WASHINGTON, D.C. – At the White House on Wednesday, President Trump seemed to simmer down days of heated rhetoric and said the U.S. would not respond to early morning missile attacks on Iraqi bases housing U.S. troops with military force.
Early Wednesday, both Iranian authorities and U.S officials confirmed Tehran launched a series of surface-to-surface missiles at key bases that held U.S. and coalition-led forces. Eleven of these missiles hit the Ain al-Asad air base in Iraq’s western Anbar province and one targeted a base in Irbil in Iraq’s semi-autonomous Kurdish region. Four failed to detonate according to both General Mark Milley, chairman of the Joint Chiefs of Staff, and Defense Secretary Mark Esper.
“We suffered no casualties,” Trump said, speaking at the White House and flanked by Vice President Pence and military brass. “All of our soldiers are safe and only minimal damage was sustained at our military bases.”
On Wednesday, after Iran’s military strike, the Pentagon said that Iran launched its missiles with intent to kill. Even so, Trump said that Iran seemed to be backing off its earlier promises of escalation and appeared to be standing down, “which is a good thing for all parties concerned and a very good thing for the world.”
Trump chose instead to extend his administration earlier policy of punishing Iran economically, promising to maximize pressure on Iran through unspecified sanctions which would remain in place until Iran changed its behavior in the region.
Both Milley and Esper have warned against the presumption that this means an end to tensions between Iran and the U.S. in the region. Milley said it was too early to tell whether Iran would be satisfied with the missile strike as a response to the killing of IRGC General Qassem Soleimani. Indeed, Iran’s Supreme Leader Ayatollah Ali Khamenei said the early Wednesday morning missile strikes did mean a complete end to retaliation.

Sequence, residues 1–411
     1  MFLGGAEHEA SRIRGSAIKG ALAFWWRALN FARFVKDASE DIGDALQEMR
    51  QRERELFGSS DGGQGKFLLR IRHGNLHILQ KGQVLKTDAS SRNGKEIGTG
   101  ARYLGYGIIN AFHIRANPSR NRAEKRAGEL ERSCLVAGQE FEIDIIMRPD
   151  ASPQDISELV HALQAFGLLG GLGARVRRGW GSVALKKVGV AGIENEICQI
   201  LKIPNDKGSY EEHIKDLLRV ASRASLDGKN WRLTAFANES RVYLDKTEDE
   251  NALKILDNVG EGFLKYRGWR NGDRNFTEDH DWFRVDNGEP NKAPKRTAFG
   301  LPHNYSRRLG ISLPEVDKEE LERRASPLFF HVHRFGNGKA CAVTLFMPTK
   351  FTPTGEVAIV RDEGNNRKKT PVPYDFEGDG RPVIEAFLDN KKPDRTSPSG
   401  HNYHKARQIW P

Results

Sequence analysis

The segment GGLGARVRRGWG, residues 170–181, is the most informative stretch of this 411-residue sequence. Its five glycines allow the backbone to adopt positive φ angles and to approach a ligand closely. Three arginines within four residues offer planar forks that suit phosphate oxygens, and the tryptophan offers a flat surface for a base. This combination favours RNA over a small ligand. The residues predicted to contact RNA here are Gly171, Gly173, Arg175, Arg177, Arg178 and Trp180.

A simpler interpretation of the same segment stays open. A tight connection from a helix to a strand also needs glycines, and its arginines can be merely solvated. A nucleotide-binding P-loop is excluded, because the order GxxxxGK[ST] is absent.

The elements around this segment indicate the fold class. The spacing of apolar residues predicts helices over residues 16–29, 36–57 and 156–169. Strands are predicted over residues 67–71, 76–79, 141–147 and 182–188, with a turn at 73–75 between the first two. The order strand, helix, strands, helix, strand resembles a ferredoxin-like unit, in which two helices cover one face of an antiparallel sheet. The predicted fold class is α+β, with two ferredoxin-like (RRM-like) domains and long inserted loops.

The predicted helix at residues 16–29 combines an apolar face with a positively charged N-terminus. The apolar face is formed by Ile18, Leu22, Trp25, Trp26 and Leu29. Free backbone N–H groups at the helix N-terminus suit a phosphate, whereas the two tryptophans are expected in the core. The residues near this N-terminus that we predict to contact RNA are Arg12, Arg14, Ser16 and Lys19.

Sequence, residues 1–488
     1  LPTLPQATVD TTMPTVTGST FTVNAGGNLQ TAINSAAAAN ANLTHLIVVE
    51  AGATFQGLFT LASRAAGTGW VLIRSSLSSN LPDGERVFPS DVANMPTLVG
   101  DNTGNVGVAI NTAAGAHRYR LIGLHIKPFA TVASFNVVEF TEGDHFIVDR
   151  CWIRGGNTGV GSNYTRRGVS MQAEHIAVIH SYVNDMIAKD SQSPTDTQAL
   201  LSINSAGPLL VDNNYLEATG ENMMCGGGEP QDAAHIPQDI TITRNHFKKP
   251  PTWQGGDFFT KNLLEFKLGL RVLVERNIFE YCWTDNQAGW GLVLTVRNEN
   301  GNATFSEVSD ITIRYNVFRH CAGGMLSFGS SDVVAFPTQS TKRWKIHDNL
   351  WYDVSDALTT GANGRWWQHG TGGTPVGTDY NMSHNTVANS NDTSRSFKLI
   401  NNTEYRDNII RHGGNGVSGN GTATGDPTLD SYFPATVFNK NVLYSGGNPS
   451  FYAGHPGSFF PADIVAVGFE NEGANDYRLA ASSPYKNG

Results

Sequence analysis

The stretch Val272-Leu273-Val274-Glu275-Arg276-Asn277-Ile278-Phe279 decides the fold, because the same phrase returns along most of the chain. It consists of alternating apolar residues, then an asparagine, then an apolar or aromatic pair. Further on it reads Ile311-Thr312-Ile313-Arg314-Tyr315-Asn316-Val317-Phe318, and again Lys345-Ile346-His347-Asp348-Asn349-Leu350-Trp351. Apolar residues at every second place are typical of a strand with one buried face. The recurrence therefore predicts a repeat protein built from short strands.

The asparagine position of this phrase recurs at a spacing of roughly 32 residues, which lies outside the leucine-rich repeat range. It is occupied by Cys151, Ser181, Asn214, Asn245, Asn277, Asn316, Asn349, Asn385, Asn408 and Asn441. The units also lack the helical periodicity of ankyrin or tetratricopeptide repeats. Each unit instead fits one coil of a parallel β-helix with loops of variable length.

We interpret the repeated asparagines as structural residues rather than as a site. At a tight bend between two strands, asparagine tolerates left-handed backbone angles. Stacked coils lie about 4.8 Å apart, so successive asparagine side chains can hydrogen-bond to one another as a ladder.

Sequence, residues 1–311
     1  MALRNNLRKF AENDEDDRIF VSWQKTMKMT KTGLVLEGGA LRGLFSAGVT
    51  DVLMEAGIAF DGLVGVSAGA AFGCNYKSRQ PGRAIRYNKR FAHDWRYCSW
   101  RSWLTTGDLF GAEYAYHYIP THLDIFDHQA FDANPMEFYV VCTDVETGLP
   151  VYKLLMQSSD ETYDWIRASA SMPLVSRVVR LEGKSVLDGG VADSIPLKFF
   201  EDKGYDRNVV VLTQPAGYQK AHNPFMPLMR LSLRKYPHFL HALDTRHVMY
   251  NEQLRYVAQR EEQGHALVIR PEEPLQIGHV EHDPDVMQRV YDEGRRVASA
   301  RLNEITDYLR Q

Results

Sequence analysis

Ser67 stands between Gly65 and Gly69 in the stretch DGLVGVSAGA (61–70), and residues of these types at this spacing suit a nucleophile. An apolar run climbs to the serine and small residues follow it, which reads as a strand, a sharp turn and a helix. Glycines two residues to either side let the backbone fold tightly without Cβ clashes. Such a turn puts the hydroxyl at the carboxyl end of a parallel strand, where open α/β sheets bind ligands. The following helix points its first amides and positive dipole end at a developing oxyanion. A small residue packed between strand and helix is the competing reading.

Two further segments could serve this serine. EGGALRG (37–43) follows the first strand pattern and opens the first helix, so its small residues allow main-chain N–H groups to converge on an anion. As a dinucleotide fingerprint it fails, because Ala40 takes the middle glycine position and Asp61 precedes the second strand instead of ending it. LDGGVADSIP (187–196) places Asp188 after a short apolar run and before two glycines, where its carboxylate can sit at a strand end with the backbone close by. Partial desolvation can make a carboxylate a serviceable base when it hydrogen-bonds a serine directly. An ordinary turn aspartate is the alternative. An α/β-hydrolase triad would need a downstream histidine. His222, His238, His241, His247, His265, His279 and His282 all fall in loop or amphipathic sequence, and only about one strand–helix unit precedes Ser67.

“Last night they received a slap,” he said. “These military actions are not sufficient (for revenge). What is important is that the corrupt presence of America in this region comes to an end.”
Just hours after Trump spoke, two rockets fell inside Baghdad’s Green Zone near the U.S. Embassy. The rockets fell inside Baghdad’s heavily fortified Green Zone, which houses government buildings and foreign missions, but caused no casualties, the Iraqi military said. Sirens were sounding inside the Green Zone. Iraqi military sources reported that at least one of the rockets fell 100 meters from the U.S. Embassy.
Trump pointed to the U.S. military’s advanced armament and strike capabilities, boasting of missiles that were, “big, powerful, accurate, lethal and fast.” He did offer, however, that the U.S. did not want to use these missiles and that the country was ready to make peace with all those who seek it.
Iran’s limited response to Soleimani’s killing seems to indicate its disinterest in escalating the conflict to full scale war. Iranian Foreign Minister Mohammad Javad Zarif tweeted that the country had “concluded proportionate measures in self-defense.”
In a conciliatory move, Trump called on NATO to become further involved in the Middle East process. Trump has previously bashed NATO countries by claiming they contribute disproportionately less in military spending than the U.S. and has gone as far as to say the organization is obsolete.
News of deescalation may come as a relief to many, though the U.S. seems poised to maintain its power and influence in the region and continue to its political and military strategies as part of a global effort to maintain its hold on the world’s affairs. Even after Iraq’s parliament voted to expel the U.S. from its borders, Trump said he had no immediate intention of pulling U.S. troops.